Employee onboarding is a big deal. It is a separation from the familiar and an initiation into a new world. Yet most companies manage onboarding as the equivalent of chucking novice swimmers into the deep end. Sure, a few people turn out to be Olympic athletes, but most only manage to tread water…at best.
Onboarding is high stakes. Knowledge workers need an average of 6 months to reach full productivity. During those months, 90% of them also make up their minds about whether they want to stay at your company or try their luck elsewhere, costing you roughly twice their salary to replace them with new people (who will probably also leave soon).
An effective onboarding process can increase employee productivity by 54%, boost engagement and increase retention. A great onboarding process can even broaden your pool of available talent, letting you hire for potential rather than skills and knowledge.
So how can you transform your onboarding process from a risk into a core strategy for performance and retention? Whether you’re building or rebuilding your onboarding system, a helpful tool to simplify your work is the LifeLabs CAMPS Model.
CAMPS stands for Certainty, Autonomy, Meaning, Progress, and Social Inclusion, and it neatly sums up our deepest drivers of engagement. Consider each driver one by one to determine whether your onboarding process falls in the good or bad CAMP.
Most of us humans don’t do well with uncertainty, especially when the stakes are high. Uncertainty triggers our sympathetic nervous system and releases the stress hormone cortisol, inviting a fight or flight state rather than the curiosity and connection vibe you’re probably going for. So, help your new hires relax by eliminating unnecessary mysteries.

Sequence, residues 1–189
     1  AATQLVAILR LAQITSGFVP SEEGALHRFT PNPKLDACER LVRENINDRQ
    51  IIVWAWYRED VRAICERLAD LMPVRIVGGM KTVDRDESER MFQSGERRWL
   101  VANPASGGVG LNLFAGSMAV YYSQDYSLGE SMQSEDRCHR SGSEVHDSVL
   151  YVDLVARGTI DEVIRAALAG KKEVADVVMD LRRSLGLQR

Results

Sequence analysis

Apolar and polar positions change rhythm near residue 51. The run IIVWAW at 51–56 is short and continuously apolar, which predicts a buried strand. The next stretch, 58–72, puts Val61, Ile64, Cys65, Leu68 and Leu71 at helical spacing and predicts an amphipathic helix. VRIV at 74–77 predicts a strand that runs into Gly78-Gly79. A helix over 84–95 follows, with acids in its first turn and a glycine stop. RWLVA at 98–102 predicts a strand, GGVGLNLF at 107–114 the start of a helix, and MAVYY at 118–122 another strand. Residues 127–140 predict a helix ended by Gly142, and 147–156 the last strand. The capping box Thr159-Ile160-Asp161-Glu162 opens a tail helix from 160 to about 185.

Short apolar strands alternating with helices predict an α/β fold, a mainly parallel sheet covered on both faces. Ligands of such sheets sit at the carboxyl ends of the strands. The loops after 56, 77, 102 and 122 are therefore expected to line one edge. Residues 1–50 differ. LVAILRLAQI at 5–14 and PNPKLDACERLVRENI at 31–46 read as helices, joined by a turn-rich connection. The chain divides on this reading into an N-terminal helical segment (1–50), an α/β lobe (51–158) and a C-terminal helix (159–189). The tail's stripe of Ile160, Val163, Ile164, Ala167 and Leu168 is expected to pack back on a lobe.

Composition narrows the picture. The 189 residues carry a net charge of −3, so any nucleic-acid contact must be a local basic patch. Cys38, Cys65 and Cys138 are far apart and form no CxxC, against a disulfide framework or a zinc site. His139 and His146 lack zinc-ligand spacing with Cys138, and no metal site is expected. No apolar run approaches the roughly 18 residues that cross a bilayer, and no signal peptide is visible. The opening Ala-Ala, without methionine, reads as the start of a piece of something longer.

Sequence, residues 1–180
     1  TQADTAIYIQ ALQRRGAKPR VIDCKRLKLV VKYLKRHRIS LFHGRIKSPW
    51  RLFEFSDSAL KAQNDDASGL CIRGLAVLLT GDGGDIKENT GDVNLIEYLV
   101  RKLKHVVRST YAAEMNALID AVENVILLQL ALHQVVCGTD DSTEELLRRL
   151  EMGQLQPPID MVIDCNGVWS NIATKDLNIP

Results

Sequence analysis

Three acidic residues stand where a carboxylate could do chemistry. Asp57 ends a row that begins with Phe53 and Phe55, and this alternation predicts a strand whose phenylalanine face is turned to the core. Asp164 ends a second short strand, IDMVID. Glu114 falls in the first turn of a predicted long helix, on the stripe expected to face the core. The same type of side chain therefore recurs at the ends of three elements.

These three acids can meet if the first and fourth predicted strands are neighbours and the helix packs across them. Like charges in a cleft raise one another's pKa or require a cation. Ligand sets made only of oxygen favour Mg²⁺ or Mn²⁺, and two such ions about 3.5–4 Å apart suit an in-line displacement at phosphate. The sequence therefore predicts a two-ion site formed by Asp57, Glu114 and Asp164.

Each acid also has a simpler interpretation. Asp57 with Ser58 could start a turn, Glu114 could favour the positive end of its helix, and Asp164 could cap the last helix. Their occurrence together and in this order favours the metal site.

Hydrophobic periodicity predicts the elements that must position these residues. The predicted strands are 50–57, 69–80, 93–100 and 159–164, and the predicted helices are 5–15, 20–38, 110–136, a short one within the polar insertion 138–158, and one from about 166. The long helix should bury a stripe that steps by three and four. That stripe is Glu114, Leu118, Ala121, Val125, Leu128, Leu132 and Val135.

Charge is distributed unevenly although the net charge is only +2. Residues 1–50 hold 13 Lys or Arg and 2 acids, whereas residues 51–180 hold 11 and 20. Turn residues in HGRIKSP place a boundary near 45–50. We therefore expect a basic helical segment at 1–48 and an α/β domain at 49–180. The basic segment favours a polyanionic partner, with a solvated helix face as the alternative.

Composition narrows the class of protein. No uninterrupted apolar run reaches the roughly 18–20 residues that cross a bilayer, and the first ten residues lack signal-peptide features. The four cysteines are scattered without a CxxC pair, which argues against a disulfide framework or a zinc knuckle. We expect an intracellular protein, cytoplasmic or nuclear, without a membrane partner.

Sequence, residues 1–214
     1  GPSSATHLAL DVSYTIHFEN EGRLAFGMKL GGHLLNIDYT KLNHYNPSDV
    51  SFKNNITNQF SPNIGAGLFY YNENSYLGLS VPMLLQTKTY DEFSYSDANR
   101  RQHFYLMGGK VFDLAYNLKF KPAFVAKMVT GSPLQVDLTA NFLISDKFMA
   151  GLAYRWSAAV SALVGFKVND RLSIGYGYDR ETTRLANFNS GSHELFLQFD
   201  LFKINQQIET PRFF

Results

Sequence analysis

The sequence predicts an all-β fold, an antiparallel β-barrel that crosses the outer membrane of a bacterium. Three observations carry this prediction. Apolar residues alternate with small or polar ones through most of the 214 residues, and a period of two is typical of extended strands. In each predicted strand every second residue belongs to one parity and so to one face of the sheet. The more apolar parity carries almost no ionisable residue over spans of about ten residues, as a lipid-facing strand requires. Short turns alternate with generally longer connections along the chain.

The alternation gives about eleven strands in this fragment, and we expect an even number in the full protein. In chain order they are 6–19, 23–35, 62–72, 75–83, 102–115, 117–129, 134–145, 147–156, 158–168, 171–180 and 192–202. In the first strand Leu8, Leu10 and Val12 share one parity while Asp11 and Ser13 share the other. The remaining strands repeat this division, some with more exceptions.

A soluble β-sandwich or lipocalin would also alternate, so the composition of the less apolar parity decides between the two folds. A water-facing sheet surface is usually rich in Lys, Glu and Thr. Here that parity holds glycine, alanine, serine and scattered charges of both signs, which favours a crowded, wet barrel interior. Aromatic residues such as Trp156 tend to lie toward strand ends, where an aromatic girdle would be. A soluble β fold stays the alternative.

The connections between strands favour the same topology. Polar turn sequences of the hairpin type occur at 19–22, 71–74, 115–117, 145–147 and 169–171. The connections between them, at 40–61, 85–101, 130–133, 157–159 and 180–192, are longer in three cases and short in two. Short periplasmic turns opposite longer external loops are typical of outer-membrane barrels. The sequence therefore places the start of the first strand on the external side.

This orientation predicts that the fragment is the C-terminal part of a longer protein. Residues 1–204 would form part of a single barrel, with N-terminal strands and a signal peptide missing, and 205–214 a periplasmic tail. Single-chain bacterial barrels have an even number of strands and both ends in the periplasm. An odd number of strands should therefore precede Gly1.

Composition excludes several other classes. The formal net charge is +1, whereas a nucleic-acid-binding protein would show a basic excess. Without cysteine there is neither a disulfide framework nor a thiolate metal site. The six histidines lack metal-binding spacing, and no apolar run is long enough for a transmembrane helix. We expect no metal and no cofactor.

Here are some uncertain areas to tackle before day one:
- Team member names, roles, bios, photos (who are my coworkers?)
- Employee directory – including who to ask for on day one (who do I come to for what?)
- Job/role description (how is success defined for my role?)
- Benefit enrollment and pay schedule (have I forgotten anything critical to my safety?)
- Schedule of first day, week, or even month (what will happen?)
- What to bring with you – like ID, forms, notebook, lunch (will I feel prepared?)
- Attire expectations (will I look like a weirdo?)
Setting expectations and eliminating mysteries is as easy as sending an email or two before the new hire’s start date, which also keeps new hires engaged and gets them excited to dive into their new roles. To increase comprehension, split critical information into similarly themed groups. For example, a job description is best sent close to the offer, while attire expectations and a Day 1 schedule are best sent a day or two beforehand.
It’s so easy for new hires and companies to focus on helping people fit in during onboarding that we forget the power of standing out. Research shows we are most likely to stay in a role if we feel like ourselves (vs just one of the group) early on in the employee experience. This is a concept called Optimal Distinctiveness: just the right balance of feeling unique and similar to others.
You can give people a boost of autonomy in a few ways:
- Encourage sharing something personal early on with the team or company
- Provide resources to customize their workspace
- Give out swag with the employee’s name along with the company logo
- Help new hires set personal development goals
- Offer (easy) options early on (e.g., do you want a red notebook or a green one?)